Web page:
I had never heard of Romy Ash, or her debut novel, Floundering, before attending the Emerging Writers Festival last month and hearing her speak as part of the Writing About Difficult Issues panel. After the panel, I went downstairs and bought Floundering, along with the Festival's own publication, The Emerging Writer. If the EWF had given me nothing else (although it did - so, so much), the gift of being made aware of these two book would have been enough. Because The Emerging Writer, which I intend to review soon, is wonderful; and Floundering is still haunting me, two weeks after I swallowed it whole in one sleepless night.
I bought Floundering because, hearing Ash speak, it sounded like it might resonate with two of my key writing and reading interests - writing authentically in a child's voice, and writing trauma obliquely rather than explicitly. One of my absolute favourite books of the past 5 years is Emma Donoghue's Room, which takes on a myriad of social, cultural and abusive issues through the lens of a five-year-old boy who's lived his whole life inside a locked garden shed with his mother, herself imprisoned by her stranger-abductor. My own two completed novels, while not covering such significantly dark issues of trauma, are written in the voice of an 11 year old girl, Frankie. I wondered if Ash's 11-year-old protagonist, Tom, would be someone I could "hear" in the same way, and if his story would grip me tight, as Jack's did in Room.
I'm not going to do too much spoiling in this review, but the broad premise of the plot is the story of Tom, his 13-year-old brother Jordy, their mother, Loretta, their journey across Australia to end up at a remote caravan park by the beach, and what happened next. Tom is the only narrator; there is no shift in POV or voice, which is key, I think, to the successful winding up of the spell that this book casts.
I found Tom an intensely sympathetic and authentic character. Seeing events, people and crises through his eyes lent this ultimately quite sad story a sometimes unbearable layer of poignancy that I think may not have been there if an adult narrator was the voice. Because Tom is 11, there are things he relates without necessarily making the connection to meaning in the same way that an adult or a teen might; this adds a sense of menace, of impending danger just out of view, to the narrative. Tom's confusion, sweetness and half-despairing love for his deeply troubled mother give this tale of loss such a pathos, but also a kind of detached innocence that Loretta's voice, or even 13 year old Jordy's, wouldn't have.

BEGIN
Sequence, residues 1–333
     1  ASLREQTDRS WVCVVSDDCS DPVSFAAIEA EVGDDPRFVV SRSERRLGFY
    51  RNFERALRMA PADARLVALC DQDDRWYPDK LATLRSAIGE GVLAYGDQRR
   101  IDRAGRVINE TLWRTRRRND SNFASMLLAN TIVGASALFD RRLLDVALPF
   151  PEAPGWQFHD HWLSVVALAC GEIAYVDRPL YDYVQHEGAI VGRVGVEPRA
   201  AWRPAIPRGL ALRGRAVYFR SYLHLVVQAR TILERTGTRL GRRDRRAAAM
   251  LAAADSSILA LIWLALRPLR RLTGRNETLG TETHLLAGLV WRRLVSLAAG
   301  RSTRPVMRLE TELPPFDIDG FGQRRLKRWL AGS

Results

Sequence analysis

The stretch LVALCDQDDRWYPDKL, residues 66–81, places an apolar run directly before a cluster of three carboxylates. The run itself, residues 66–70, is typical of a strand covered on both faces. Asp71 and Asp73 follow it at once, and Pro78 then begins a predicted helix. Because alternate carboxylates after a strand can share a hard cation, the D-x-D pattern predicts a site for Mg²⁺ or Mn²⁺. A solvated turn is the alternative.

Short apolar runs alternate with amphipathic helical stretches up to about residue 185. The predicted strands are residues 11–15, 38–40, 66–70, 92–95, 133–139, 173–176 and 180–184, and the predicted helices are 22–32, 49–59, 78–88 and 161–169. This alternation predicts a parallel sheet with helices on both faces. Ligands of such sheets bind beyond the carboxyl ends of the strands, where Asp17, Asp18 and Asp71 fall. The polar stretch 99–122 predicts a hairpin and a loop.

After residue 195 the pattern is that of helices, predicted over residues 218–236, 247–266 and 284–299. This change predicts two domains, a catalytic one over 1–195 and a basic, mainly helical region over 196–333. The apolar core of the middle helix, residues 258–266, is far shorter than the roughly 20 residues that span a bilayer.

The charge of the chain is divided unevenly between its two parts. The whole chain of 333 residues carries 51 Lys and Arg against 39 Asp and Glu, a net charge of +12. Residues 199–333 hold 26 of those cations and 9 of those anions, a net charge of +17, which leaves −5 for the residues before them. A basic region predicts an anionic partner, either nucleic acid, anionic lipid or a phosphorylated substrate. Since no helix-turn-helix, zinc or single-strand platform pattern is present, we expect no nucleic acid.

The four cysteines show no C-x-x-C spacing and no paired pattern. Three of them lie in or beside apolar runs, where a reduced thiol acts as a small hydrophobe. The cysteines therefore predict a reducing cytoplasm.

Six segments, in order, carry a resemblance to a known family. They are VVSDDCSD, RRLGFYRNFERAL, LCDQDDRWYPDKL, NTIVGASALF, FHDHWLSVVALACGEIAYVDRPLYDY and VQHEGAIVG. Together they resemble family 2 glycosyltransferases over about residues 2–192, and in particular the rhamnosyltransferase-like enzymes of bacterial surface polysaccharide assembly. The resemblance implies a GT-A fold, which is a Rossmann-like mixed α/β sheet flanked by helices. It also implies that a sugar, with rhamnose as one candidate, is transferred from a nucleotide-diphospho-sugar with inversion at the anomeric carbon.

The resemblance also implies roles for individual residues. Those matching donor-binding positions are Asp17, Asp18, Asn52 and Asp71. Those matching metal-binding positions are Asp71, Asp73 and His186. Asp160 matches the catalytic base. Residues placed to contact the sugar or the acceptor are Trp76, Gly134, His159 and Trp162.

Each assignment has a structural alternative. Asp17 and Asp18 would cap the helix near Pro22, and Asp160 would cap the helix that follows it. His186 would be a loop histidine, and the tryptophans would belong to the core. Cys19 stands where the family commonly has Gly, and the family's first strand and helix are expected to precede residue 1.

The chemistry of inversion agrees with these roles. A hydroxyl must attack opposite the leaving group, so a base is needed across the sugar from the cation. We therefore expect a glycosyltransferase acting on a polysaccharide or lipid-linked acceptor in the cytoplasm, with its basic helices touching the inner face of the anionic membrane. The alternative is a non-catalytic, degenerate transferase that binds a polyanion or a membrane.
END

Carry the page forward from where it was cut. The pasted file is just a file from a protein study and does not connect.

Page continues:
There are many things I admire deeply in this book - its evocation of a certain very recognisable Australian aesthetic, its beautiful and never heavy-handed symbolism, its portrait of brokenness and survival and the terrible resilience of love, its stubborn presence even after seemingly unforgiveable betrayals. It is an achievement of no mean proportions that, despite sparing us nothing in her picture of Loretta as an unstable and ultimately neglectful mother, Ash doesn't allow the reader to quite hate her or demonise her; rather, for all her feckless damaging missteps, we feel for her, just as her sons do.
The anti-hero of the book is a character about whom I want to say very little, because I am so deeply conflicted about his role in the story. I realise that Ash wants us to see complexity and nuance in him also, and has deftly painted it there for us to see, but, possibly due to the lens I bring to this (and any) book involving children, I do not see him as less than monstrous. Human, yes, but a monster all the same, and my largest problem with Loretta was that her actions brought her sons into his orbit.
I found the final few chapters of the book, with Jordy and Tom's ultimately ill-fated effort to save the gummy shark (the unspoken stand-in for the marooned mother that they may never be able to save), to be absolutely tragic. The ending was inevitable, but still deeply, deeply sad, and I read the conclusion with tears in my eyes.
This is a powerful book, a beautiful book, a book that stays with you for a long time and simmers away. I highly recommend it, only not if you're feeling fragile; it will demand an emotional investment of you, and it will hurt your heart a little, in the way that true tragedies do.
Notes from beside a hospital bed
3 hours ago